that had overextended its stay
more days than
were humanely bearable,
was buzzing around my wife’s head.

Its movement was noticeably slower
and when it landed on the faux leather arm
of my multi position reclining chair,
I was almost able to snag it in my palm.
Too tired to buzz afar,
it rested again on the arm,
weakly regurgitating its own spittle.

I called my wife over,  
a former professional chef
and therefore an expert
in the art of
preparing, cooking and eating
dead things,
knowing she be eager to try out
her new instrument of death.

A sure aim sent the Blue
to the skin colored **** carpet,
and in its last struggle
I started to sing inside the only
song that would be
a proper elegy:

La cu-ca- | ra-cha, la cu-ca-ra-cha
| ya no pue-de ca-mi-nar
por-que no | tie-ne, por-que le fal-tan
| las dos pa- titas "de" a-trás. —

("The cockroach, the cockroach /
can no longer walk /
because she doesn't have, because she lacks / the two hind legs to walk.”)

I imagined it
crying out
“Help me! Help me!”
like the half human,
half insect creature
caught in the spider web
at the end of that
old Vincent Price
creature feature
were death by big rock
was a mercy
compared to
arachnoid decapitation.

and the Blue’s head
was severed
from its thorax.
and its wings
flew East and West.
and its abdomen
closely followed.
and its legs
buckled under it.
a final time
to make sure
it was dead.  

My wife had
and the worst
cardinal sin,
had over-cooked
something that
was meant
to be tartare.

Still our Pomchi
sniffed, licked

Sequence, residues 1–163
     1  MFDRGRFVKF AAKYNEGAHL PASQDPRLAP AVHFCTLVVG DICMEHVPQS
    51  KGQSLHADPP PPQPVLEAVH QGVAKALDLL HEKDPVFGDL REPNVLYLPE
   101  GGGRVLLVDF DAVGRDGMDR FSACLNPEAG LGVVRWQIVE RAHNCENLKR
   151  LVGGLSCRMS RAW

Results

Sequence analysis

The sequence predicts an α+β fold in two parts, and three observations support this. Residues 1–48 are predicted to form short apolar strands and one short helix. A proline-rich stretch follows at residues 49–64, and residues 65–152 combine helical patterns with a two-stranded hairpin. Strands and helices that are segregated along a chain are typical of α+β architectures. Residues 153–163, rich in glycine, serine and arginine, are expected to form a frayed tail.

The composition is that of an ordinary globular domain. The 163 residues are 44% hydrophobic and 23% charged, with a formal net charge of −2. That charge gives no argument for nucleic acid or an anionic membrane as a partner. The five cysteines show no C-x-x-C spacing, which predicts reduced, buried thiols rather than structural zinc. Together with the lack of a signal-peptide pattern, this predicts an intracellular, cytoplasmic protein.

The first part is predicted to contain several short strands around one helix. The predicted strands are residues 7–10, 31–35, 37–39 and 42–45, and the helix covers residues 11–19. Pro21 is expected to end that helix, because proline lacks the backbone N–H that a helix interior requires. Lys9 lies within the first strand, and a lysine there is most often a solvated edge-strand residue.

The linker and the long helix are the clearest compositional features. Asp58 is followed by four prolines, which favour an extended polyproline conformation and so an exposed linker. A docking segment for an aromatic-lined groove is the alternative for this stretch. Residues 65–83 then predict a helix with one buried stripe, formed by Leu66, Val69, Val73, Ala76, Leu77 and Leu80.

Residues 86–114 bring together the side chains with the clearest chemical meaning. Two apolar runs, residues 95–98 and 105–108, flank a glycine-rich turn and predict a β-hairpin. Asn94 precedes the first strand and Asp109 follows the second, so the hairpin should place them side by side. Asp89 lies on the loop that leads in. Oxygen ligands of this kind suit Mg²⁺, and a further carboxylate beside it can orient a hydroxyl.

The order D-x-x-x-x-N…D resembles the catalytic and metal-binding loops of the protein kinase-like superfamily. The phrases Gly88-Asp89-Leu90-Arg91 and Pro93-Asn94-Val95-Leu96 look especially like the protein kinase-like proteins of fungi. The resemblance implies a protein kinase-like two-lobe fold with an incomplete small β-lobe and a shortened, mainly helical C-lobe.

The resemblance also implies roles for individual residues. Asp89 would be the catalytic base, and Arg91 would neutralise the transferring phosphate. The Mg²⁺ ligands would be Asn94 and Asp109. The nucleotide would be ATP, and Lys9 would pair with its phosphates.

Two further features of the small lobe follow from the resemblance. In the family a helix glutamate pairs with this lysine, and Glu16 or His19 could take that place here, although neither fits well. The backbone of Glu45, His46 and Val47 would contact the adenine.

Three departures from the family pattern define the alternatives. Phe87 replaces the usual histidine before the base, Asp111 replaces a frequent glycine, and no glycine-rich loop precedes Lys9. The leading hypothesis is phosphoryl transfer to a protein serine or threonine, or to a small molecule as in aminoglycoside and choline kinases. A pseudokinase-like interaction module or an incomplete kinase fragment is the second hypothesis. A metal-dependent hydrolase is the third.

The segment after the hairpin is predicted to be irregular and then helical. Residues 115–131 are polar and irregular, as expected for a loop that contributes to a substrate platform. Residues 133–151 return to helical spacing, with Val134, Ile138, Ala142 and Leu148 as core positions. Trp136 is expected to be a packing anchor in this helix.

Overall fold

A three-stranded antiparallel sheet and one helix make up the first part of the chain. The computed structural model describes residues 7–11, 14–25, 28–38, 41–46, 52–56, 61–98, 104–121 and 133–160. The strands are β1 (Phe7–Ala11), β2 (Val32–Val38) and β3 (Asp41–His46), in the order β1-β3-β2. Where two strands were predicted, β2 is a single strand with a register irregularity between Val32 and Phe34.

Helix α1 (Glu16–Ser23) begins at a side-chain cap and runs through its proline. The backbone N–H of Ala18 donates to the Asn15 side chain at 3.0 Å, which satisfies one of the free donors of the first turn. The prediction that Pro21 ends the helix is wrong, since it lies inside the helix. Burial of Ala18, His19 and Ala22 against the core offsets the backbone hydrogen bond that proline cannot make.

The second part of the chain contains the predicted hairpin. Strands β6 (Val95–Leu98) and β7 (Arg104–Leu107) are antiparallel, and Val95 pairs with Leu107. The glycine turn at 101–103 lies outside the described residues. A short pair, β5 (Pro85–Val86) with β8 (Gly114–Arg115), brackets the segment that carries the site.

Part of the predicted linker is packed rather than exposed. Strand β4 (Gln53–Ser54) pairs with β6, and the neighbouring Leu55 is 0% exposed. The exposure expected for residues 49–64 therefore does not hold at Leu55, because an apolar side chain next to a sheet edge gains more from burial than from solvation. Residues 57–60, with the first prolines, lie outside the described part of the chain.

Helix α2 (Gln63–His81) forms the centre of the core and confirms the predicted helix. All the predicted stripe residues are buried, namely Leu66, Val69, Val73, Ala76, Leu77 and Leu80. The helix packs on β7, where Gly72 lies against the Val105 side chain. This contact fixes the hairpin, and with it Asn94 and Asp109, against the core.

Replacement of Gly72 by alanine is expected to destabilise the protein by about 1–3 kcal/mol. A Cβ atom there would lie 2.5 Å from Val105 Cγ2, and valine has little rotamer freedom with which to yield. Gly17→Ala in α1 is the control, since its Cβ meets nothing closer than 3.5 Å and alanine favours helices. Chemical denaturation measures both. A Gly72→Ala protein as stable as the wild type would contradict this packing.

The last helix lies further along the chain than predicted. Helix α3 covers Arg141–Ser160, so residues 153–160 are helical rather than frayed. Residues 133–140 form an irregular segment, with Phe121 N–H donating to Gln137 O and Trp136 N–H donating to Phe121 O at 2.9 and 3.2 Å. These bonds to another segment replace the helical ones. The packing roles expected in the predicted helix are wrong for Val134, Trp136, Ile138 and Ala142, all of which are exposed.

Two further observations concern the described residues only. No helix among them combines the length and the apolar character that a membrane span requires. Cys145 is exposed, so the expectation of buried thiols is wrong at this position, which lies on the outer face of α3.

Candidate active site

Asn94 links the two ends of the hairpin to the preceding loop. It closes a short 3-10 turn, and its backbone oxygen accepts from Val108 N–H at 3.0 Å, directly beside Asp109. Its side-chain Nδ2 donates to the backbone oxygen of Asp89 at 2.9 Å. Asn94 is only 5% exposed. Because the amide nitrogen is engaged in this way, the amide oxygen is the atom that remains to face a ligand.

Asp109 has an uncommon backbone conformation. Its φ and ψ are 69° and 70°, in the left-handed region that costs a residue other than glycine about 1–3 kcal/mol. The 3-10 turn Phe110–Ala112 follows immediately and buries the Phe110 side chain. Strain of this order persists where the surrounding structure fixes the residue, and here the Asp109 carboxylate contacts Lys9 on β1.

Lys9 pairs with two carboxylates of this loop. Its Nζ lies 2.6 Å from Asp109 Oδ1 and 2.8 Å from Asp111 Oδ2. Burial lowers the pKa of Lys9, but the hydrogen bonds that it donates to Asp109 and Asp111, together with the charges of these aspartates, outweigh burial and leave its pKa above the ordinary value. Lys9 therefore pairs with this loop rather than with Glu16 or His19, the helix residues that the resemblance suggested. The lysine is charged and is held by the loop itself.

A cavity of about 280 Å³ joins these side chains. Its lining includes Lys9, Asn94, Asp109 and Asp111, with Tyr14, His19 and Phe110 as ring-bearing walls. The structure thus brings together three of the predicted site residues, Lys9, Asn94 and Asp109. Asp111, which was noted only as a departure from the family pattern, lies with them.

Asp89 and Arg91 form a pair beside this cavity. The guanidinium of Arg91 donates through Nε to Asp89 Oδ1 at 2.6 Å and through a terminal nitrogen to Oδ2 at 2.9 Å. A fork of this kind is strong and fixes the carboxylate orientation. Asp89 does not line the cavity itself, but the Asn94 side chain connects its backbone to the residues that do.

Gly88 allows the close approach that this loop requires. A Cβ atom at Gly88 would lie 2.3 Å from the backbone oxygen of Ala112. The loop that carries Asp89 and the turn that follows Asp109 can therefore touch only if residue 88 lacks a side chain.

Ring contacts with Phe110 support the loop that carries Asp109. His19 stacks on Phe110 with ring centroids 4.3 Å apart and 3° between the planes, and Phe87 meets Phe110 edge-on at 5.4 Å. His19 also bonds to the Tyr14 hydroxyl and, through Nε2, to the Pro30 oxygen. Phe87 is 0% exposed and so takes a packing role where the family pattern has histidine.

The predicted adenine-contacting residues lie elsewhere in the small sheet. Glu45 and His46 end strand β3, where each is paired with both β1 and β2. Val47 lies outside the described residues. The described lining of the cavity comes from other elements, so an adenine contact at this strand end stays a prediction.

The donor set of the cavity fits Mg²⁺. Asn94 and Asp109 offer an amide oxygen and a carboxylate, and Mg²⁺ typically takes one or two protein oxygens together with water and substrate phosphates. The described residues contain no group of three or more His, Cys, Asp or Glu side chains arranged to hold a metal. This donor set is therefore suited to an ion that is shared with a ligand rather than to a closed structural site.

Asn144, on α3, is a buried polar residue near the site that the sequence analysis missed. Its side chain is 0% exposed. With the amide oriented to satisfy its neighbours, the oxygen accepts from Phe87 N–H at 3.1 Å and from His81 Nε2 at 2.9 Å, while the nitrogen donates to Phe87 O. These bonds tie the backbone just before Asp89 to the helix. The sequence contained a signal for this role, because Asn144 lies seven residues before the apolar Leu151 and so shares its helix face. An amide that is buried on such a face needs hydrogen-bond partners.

and eventually ate
the Blue,
her smile
declaring it
the best thing
she swallowed
all week.  

For a half hour
my wife rewarded her
with the swat, swat, swat
of blue belly rubs.  

Marine Tiger was the ship that carried people from Puerto Rico, and so the white people in New York started calling all the Puerto Rican people ‘Marine Tigers.’
Dec 2020 · 43
Jonathan Moya Dec 2020
The town exists in harsh geometry,
the forest— a fiery flow.

The wolf leaps above their soul,
a crescent moon.

Run the wolf.
Flee the wolf.

Don’t go beyond the wall
lest you be devoured.

When the wolf howls
they make work their prayer,
their protection.

They pray a whole Bible
before the night comes.

The wolf howls away.
The villagers toil in their dreams.

They pray away in their cells
knowing the Lord Protector

and the Hunter keep them all safe
and from walking freely

with the wolves
of the forest.
Dec 2020 · 32
A Wedding Dress Story
Jonathan Moya Dec 2020
She didn’t want this wedding dress
to be a widow,
encased in plastic
in the unused dark
of the closet,
moved after spring cleaning
to the basement
near the leaky window,
after five years
moth-balled to the
old unopened hope chest
of her mother’s closet,
weeping, weeping, weeping
for the man she lost,
subsisting on hope angels,
decaying, yellowing
a luminescent ghost,
a ******,
never to be worn,
never to be adored,
never to be passionately wanted,
just praying, praying, praying
and attracting only moths.

Wait, wait, wait,
after all these years,
it’s the granddaughter
touching it,
measuring it,
sizing it up
and seeing it
doesn’t fit her dreams.
will never
fit her dreams
and putting it back
without a second thought.

The grandmother
touches it yellow lace
and realizes it’s not
good enough,
worthy enough
to donate to
the local goodwill.

She doesn’t have the